Another of NFC’s myriad problems — i.e. in addition to actually needing its users to act out the physical transfer themselves – is there’s no emollient term to oil the wheels of its use, especially in the commerce space. Want to use NFC on your phone to pay for something? Asking the cashier ‘can I tap that?’ just sounds euphemistic. Falling back on miming the action is the most elegant of the various inelegant options here. It’s another instance of the social awkwardness of NFC.
Just going ahead and trying to tap phone to reader won’t necessarily work either since some NFC POS terminals need to be switched on specifically to conduct the contactless transaction. Before even getting to that point, of course, the phone owner also has to have figured out they are looking at an NFC-enabled terminal. Some resemble standard POS terminals so wanting to pay by NFC means hunting for a ‘pay by contactless’ sign, or asking if NFC can be used at that outlet.
All these barriers to contactless entry fatally erode its convenience… at least for now. Sure it might one day provide a slick way for phones to be used to pay for stuff — but that requires NFC readers to be everywhere. Which they certainly aren’t yet, despite all the hype and cash poured into the space over the past five+ years. And sure, NFC technology can work well in more simple use-cases. London’s Oyster travelcard ticketing system uses NFC to replace paper tickets, for instance. But really, if the best you can say of NFC is that it’s a bit more convenient than paper, that’s not saying an awful lot.
Shortcutting settings or grabbing content was another use-case envisaged by the NFC pushers. Phone owners would be tapping their devices to NFC tags stuck on movie posters to get content downloaded to their handsets, or be sent to a URL to watch a film trailer (an idea which has been kicking around since the turn of the century, I might add). This sounds like exactly the sort of not-IRL scenario that gets dreamt up in marketing departments. If that’s the best you’ve got NFC, you need to try a lot harder. And an NFC tag for pre-setting an in-car phone profile? Oh pleeease.
It’s fittingly ironic that NFC is termed a ‘contactless’ technology when its proximity requirements necessitate physical contact — or at least getting so close it’s academic. ‘NFC: irritatingly invading your personal space’ doesn’t sound quite so handy does it?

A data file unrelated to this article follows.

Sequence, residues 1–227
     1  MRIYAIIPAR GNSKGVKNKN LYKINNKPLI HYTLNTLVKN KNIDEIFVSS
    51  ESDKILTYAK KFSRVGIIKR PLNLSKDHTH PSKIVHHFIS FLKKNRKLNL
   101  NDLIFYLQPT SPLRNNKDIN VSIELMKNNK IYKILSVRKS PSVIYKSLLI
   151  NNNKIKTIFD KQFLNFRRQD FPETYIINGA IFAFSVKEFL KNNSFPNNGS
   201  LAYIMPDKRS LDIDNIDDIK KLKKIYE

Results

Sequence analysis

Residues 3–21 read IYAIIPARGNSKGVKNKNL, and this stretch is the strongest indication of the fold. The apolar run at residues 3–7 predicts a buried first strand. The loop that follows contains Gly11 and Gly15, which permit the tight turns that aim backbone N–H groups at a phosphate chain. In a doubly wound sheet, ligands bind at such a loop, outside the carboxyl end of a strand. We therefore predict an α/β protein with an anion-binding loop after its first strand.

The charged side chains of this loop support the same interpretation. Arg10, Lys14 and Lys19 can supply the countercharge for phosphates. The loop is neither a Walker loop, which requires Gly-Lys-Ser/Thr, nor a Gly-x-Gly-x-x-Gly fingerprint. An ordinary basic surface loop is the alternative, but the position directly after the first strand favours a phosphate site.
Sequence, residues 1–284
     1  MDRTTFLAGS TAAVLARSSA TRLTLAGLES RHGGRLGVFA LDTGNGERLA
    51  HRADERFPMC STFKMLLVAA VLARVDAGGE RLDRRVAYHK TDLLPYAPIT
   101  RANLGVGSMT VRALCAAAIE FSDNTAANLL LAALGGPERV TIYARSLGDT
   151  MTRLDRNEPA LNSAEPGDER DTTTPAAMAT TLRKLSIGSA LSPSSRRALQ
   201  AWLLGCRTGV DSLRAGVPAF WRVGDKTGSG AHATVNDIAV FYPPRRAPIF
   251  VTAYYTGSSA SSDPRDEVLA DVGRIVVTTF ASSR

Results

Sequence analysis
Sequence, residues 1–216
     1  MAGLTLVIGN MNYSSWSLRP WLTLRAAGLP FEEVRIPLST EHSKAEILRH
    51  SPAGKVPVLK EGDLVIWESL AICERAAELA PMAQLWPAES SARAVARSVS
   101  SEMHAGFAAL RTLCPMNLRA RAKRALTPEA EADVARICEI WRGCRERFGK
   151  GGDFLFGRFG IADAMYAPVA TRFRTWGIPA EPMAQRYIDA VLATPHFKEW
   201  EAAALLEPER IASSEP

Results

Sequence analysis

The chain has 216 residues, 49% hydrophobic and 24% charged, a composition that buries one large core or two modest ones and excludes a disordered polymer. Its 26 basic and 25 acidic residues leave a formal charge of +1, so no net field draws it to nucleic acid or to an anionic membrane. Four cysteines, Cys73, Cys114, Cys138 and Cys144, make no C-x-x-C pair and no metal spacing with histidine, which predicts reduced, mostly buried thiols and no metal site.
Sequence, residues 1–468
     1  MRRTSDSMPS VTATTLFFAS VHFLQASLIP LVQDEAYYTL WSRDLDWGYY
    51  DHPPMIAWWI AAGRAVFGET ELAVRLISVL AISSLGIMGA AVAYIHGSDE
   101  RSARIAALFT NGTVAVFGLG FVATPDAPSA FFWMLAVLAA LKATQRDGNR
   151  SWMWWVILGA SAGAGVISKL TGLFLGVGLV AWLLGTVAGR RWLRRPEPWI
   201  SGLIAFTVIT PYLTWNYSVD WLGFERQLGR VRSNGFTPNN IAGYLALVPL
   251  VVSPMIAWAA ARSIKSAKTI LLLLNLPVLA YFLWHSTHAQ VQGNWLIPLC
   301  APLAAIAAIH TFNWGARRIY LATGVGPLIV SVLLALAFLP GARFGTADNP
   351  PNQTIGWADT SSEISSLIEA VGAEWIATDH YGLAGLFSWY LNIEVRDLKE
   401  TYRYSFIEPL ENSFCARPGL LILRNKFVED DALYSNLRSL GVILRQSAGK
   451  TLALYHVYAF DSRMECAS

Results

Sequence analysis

Siri gets smarter in iOS 7, ditches Google for search
As part of Apple's iOS 7 preview, Senior Vice President of Internet Software and Services Eddy Cue showed off some great new Siri features coming to iOS. As part of the iOS 7 overhaul, Siri has a brand-new interface, voice monitoring, and a results …
Read more on Macworld
How to Use Google Webmaster Tools to Maximize Your SEO Campaign
Google provides a number of tools for your SEO arsenal. The most obvious is Google Analytics, which offers an in-depth analytics suite to help even the most basic user understand and improve traffic to their website. But Google Webmaster Tools gives …
Read more on Search Engine Watch
Google may not like it, but facial recognition is coming soon to Glass
For more than an hour, I sat for lunch in late May 2013 with Stephen Balaban as he wore Google's new wearable tech. At least three people came by and gawked at the newfangled device, and Balaban even offered to let one woman try it on for herself—she …
Read more on Ars Technica
The pure version of Tizen 2.0 is far from finalized, yet there already seems to be an alternative skin designed to sit on top of it. While Intel’s chips are currently capable of powering the new open source OS, the chip company is reportedly working on its own overlaid UI, known as Obsidian. Ars Technica got its hands on two videos of it in action, featuring notably flat and square icons compared to the circular ones we’ve seen in the pure version. There’s a consistent bottom strip of three soft keys for calls, messaging and contacts, and a tilt action for icons and contacts when a notification in an app is received. According to Ars, Intel may also bring the aesthetic to Android, surprising as that may sound. You can get a detailed look at its present state at the source link, while we scratch our heads asking “really?” and “why?”